21. 5 out of 5

    Karen’s Library

    This was another fascinating Tudor historical fiction, this one about the Grey sisters. The Grey sisters are the granddaughters of King Henry VIII's younger sister, Mary. Upon King Edward's death, and per his will, the Protestant reformers put Jane Grey on the throne instead of Edward's sister, Mary Tudor. Queen Jane Grey ruled for only 9 days when Mary's followers managed to remove Jane and put Mary on the throne. I knew the story of Jane Grey, sort of. Not the entire story, and nothing of her This was another fascinating Tudor historical fiction, this one about the Grey sisters. The Grey sisters are the granddaughters of King Henry VIII's younger sister, Mary. Upon King Edward's death, and per his will, the Protestant reformers put Jane Grey on the throne instead of Edward's sister, Mary Tudor. Queen Jane Grey ruled for only 9 days when Mary's followers managed to remove Jane and put Mary on the throne. I knew the story of Jane Grey, sort of. Not the entire story, and nothing of her two sisters, Katherine and Mary. Philippa Gregory gives us an account of the three sisters. I had no idea that both Katherine and Mary Grey were also eventually imprisoned. I found the story fascinating and would read this book any chance I had. Yes, most of the book is fiction, but the major events are true. Philippa explains that this book will be the last of the Tudor books, which saddens me. Because of her, I've become a bit Tudor obsessed.

  22. 4 out of 5

    Sara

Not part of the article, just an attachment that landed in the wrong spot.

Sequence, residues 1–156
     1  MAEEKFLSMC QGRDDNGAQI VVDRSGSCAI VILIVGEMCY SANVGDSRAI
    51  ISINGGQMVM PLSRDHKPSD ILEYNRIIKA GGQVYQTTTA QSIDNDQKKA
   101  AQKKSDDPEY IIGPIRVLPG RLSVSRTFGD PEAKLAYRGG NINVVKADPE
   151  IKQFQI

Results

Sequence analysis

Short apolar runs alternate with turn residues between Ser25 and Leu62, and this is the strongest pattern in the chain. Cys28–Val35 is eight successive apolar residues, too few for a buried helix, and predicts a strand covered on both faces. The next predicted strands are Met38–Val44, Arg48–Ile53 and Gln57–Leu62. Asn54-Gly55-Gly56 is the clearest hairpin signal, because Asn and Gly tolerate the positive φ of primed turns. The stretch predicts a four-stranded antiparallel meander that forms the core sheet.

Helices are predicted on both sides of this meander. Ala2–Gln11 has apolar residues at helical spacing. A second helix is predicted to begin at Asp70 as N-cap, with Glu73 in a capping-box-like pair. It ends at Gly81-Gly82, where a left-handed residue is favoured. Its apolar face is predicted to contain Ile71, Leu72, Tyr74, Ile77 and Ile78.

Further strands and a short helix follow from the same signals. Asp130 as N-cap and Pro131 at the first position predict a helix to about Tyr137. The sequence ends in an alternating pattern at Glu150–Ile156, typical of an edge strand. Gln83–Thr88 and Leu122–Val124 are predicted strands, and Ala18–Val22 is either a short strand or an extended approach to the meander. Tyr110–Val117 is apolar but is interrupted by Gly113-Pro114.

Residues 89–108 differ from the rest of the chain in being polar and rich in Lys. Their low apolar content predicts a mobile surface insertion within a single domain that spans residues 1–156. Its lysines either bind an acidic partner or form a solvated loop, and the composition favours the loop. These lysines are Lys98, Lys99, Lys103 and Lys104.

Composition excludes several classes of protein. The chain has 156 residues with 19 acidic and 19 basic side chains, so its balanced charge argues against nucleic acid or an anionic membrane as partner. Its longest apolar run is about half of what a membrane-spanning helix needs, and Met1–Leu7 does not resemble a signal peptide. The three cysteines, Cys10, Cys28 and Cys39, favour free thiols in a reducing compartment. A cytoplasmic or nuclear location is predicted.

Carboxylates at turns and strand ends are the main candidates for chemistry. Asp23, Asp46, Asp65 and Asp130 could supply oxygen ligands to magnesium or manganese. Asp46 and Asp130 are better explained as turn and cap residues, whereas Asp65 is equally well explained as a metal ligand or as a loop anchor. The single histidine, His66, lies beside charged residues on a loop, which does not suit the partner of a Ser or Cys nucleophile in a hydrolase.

This is Philippa Gregory’s final book about the Tudor line and my final read in the series, and boy was it a great way to end. It is the story of three sisters, Lady Jane Grey, Lady Katherine Grey, and Lady Mary Grey, cousins to Queens Mary and Elizabeth Tudor. Of course, the brief reign of Lady Jane is a well-known story, but I had no knowledge whatsoever of either of her sisters or their tragedies and victimization at the hands of Queen Elizabeth. Told in a first person narrative, the novel ha This is Philippa Gregory’s final book about the Tudor line and my final read in the series, and boy was it a great way to end. It is the story of three sisters, Lady Jane Grey, Lady Katherine Grey, and Lady Mary Grey, cousins to Queens Mary and Elizabeth Tudor. Of course, the brief reign of Lady Jane is a well-known story, but I had no knowledge whatsoever of either of her sisters or their tragedies and victimization at the hands of Queen Elizabeth. Told in a first person narrative, the novel has a very personal feeling, the girls seem quite real and to see them so obviously used by others because of their royal connection is difficult. I try to imagine going through such experiences at such a young age. Lady Jane was a mere seventeen years of age when she was beheaded. Her story was tragic, but I found her sister Katherine’s story almost worse. I found myself deeply involved in the injustice of her confinement and the cruelty of her separation from her husband and children. It seems that I will live and die in prison for the crime of marrying my lover, because Elizabeth Tudor could not marry hers. This is jealousy taken to an extraordinary degree. This is fatal malice...and I fear only death will release me. Like all Tudors she invokes death. He sister killed my sister. She will kill me. This can only end in death: mine or hers.” It does certainly seem that history proves the Tudors to have been a blood-thirsty lot. They were eternally insecure, but of course for good reason, and I wonder how much a crown and power can mean to some people. In fact, their lives were all miserable. Couldn’t they have been happier men and women if they had not had royal blood, if they had lived in simpler houses and with no jewels? I cannot imagine a life in which someone could order you to the Tower on a whim or hold you for endless years without a trial or even a charge. The irony, of course, is that being in the royal line might mean you ended up being the Queen, have unbridled power and wealth, or it might mean you have your head lopped off before you reach your eighteenth birthday. Mary Grey, who is a dwarf, is a fascinating character as well. She is small of stature and large of spirit and heart. Her continued love for her sisters makes her both brave and admirable. Gregory paints a brilliant picture of this small woman who is treated, because of her stature, as a child, but refuses to be anything other than a woman and a lady. She learns from her older sisters, and she has a marvelous will to survive. I am damned if I am going to oblige Elizabeth by the silent exit of yet another rival. I am Jane Grey’s sister--they are calling her the first Protestant martyr--I am not going to slip away in silence; she did not. “Learn you to die!” does not mean lie down like Jo the pug, with your paw over your nose, and give up. “Learn you to die!” means consider how your death is meaningful, as your life is meaningful. I started this journey with The Other Boleyn Girl, where I met Mary Boleyn for the first time; I have ended it with The Last Tudor, where I met Katherine and Mary Grey. I was struck by the way Gregory handles the stories of sisters, how she understands the complex relationship that exists between girls who both love and compete with one another, as sisters so often do. I found both of these books to be extraordinary reads. I would happily start again and re-read the series, had I time, but I do not so I will just be grateful to have had the opportunity to read them once.